Rosemary Ferguson: ‘I do realise my tastebuds are a bit warped’

The nutritionist and former model, 43, on feeling the same now as she did when she was 17, vanity and being a role model for her daughters

I enjoy the feeling you get after exercise more than during it. I was always sporty at school and did a lot of Thai boxing when I lived in New York. I rode a horse for a long time. I love running and I’ve turned into a yoga bunny.

Despite being a nutritionist, I do eat sweets and bags of crisps. I’m all about a good relationship with food, which I think is one where you can have an ice cream without feeling guilty. I do realise my tastebuds are a bit warped. I was eating a flaxseed cracker the other day and said it was delicious and a friend said: ‘That is disgusting! Your tastebuds have gone horribly wrong.’

When you’re younger, there’s a stage where you don’t give a damn about what’s going to happen and then there’s a stage where you think: ‘What the hell am I doing with my life?’ It would have been nice to hear then that it’s going to just unfold and you should be confident about that. Also, that you won’t feel any different in your 40s than you do when you’re 17 – you’re still the same person in essence.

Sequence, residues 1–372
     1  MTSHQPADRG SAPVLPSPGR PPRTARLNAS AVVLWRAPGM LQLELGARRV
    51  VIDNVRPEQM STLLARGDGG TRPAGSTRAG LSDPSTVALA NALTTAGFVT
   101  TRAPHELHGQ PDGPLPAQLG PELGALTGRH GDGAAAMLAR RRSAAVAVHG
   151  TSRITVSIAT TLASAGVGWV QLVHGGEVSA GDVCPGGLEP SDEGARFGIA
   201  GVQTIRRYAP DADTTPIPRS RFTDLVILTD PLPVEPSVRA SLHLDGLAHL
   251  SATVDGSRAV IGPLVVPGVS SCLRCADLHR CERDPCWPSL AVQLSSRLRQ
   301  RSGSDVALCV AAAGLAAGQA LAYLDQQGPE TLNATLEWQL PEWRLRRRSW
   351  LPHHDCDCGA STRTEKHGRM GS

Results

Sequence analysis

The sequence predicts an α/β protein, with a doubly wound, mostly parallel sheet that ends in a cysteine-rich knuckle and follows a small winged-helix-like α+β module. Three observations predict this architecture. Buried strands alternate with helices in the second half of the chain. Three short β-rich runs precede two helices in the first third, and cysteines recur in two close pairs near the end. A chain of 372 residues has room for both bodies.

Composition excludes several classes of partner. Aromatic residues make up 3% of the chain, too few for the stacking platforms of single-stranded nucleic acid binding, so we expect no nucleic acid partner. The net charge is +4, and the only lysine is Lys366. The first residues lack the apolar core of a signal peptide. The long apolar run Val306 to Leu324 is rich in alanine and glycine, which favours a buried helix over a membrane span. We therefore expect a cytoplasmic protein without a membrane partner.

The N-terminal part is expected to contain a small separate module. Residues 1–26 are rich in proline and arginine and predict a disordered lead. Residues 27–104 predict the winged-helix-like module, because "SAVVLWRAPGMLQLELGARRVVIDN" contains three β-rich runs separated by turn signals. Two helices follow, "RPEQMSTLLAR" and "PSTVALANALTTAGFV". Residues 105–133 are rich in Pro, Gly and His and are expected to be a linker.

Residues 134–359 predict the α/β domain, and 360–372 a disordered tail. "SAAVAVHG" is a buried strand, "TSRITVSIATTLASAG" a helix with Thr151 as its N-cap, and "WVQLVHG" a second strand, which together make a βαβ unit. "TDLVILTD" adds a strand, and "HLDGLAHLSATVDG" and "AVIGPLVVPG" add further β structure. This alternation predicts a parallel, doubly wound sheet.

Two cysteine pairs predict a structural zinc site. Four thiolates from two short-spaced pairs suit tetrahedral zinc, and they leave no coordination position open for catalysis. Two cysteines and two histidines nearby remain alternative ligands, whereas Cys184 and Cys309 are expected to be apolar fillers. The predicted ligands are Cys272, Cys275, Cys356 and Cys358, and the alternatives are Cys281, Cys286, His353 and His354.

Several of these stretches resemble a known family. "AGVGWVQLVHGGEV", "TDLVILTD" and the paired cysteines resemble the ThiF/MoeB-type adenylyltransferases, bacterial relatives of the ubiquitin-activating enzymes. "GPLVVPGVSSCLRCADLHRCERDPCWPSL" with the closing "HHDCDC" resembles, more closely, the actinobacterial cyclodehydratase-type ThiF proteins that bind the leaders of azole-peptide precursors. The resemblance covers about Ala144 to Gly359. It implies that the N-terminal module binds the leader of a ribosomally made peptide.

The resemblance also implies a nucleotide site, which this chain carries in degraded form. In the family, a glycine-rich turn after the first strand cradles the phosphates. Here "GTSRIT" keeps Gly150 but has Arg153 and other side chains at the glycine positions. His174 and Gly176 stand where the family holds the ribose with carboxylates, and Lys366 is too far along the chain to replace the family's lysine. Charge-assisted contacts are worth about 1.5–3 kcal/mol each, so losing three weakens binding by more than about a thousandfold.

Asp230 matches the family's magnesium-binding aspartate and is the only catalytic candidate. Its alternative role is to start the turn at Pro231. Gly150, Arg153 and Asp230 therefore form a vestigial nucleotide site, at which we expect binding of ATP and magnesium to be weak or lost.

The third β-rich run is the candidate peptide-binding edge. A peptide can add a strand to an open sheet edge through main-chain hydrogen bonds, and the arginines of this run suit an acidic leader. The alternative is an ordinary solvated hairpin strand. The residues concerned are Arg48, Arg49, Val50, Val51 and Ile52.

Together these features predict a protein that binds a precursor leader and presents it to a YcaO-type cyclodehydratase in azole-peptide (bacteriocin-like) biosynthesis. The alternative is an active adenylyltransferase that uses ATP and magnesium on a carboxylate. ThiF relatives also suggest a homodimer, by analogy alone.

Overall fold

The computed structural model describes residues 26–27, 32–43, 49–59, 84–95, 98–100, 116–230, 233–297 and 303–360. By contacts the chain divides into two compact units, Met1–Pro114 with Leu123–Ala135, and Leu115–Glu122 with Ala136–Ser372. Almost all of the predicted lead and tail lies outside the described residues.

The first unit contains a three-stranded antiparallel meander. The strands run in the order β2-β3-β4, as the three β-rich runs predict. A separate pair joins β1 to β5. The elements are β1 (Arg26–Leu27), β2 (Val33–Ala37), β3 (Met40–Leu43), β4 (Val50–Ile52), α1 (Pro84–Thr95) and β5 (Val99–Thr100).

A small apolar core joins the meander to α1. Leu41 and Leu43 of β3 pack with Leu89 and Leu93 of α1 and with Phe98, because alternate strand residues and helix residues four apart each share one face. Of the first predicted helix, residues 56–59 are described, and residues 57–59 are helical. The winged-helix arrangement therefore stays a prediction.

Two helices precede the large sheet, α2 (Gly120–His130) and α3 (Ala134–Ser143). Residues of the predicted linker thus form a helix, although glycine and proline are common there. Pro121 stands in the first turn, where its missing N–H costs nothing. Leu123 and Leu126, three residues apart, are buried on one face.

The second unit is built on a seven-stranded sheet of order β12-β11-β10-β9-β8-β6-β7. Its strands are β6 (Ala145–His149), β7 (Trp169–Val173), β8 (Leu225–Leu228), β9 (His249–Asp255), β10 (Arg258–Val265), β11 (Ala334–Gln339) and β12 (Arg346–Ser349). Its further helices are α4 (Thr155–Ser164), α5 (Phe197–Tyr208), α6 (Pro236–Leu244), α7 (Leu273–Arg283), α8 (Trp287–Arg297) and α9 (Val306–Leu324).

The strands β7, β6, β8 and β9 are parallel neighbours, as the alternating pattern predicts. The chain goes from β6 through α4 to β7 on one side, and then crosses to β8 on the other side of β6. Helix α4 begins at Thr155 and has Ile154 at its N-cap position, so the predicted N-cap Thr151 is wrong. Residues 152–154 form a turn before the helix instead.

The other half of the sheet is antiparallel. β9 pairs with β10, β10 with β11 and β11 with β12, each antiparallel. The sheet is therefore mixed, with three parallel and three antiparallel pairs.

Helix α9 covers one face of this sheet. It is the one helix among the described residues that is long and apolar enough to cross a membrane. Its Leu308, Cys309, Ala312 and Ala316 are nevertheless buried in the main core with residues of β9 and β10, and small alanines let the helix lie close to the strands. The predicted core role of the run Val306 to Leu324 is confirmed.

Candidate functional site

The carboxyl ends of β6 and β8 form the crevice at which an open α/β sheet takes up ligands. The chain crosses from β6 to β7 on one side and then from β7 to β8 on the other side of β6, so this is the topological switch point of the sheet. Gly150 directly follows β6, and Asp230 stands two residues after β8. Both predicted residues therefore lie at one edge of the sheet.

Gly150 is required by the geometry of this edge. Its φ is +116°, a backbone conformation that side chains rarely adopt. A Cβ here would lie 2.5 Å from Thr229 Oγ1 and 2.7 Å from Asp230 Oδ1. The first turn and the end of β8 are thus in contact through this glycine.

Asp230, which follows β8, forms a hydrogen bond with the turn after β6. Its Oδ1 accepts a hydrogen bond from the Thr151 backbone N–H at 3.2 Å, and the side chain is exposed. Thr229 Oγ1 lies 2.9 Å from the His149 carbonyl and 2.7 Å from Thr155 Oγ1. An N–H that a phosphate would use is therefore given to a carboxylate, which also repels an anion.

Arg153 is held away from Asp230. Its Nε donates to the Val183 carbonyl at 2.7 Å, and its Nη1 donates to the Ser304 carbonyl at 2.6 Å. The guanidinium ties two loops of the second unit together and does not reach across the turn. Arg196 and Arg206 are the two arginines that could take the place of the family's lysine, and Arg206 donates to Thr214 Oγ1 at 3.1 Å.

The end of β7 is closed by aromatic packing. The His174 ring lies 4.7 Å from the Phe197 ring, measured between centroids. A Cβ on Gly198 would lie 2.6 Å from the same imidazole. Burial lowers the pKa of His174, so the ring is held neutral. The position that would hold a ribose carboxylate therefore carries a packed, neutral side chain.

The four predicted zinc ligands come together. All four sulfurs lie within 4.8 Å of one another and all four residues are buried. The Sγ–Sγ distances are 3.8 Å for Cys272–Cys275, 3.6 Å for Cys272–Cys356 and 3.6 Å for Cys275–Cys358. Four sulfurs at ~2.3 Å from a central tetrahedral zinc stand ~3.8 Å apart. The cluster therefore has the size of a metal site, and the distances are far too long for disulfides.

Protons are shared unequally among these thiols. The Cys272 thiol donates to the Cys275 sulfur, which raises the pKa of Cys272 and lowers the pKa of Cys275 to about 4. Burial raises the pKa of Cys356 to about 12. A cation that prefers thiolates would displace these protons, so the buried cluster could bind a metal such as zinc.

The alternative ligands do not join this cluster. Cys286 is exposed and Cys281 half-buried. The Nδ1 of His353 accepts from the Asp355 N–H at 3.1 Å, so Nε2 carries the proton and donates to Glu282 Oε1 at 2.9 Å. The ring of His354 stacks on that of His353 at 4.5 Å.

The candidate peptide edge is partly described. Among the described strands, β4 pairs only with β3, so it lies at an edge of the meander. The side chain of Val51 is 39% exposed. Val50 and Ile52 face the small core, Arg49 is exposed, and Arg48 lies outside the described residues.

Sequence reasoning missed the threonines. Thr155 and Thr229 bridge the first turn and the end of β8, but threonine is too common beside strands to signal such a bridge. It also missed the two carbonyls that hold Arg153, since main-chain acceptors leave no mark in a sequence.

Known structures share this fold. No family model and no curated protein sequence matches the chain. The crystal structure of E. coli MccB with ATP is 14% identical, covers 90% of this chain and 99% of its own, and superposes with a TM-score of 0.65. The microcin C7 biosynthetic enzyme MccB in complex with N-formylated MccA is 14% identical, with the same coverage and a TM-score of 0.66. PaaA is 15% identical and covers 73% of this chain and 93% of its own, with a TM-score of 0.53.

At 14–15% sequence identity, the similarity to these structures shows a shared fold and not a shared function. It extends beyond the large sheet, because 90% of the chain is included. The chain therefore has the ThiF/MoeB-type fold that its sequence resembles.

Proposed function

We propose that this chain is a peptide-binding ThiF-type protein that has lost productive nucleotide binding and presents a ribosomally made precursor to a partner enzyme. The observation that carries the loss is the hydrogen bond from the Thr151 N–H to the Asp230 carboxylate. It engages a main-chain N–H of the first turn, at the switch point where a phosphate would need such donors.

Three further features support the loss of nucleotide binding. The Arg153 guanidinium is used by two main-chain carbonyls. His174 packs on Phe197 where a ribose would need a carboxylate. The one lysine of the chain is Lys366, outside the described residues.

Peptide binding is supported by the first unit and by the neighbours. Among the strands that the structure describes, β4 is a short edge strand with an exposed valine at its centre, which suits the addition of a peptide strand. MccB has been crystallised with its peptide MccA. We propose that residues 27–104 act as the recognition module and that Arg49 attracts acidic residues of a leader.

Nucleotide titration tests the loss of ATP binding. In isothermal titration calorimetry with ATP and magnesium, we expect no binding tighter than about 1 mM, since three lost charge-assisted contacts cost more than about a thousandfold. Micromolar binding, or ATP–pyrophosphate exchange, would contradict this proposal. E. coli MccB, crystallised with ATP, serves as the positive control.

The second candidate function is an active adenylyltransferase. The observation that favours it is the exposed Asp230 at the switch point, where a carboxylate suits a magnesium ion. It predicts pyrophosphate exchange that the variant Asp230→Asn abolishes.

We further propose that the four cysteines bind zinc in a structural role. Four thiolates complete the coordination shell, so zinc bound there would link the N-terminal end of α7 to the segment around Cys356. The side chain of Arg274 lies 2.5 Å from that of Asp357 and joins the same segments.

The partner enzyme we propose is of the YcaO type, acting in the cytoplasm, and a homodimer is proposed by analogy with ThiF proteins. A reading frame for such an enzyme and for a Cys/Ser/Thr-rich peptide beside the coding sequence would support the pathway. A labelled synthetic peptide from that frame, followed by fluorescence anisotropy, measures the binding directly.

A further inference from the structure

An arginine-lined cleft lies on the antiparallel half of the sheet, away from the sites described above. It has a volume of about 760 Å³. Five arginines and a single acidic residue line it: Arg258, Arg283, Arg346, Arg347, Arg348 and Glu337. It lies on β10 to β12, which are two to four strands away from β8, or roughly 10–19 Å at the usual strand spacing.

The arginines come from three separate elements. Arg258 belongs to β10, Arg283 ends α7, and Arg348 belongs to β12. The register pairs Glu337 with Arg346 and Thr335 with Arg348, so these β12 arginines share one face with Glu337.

I haven’t had any major crises, though I do have a certain amount of vanity about getting older. Sometimes I look at my photos and I think my knees are starting to drop. But I feel better in my body than I ever have. And mentally I’m definitely better. I feel more in control of what I am and what I want. I have three girls and I want to be an example to them so I want them to see me working hard.

I am strict about phones and Snapchat – it drives me nuts. If I don’t see my kids for three hours and I find them curled up in a corner with a phone it’s like pushing the red button and I take them off them. They say: ‘But, Mum, you’re the worst of all of us!’

My mum and dad are both kind, fair and balanced, and I try to be like that, not to be too extreme about anything. And I like it when people are straightforward.

Living well is about feeling well, so if you don’t feel well it doesn’t matter how you look. Take little steps and you’ll feel better – rather than thinking: ‘We’re never going to make it, it’s such a massive mountain to climb,’ keep taking little steps.

Rosemary is a spokesperson for Renew Life, supporting gut health


Interview by Chris Hall

The GuardianTramp

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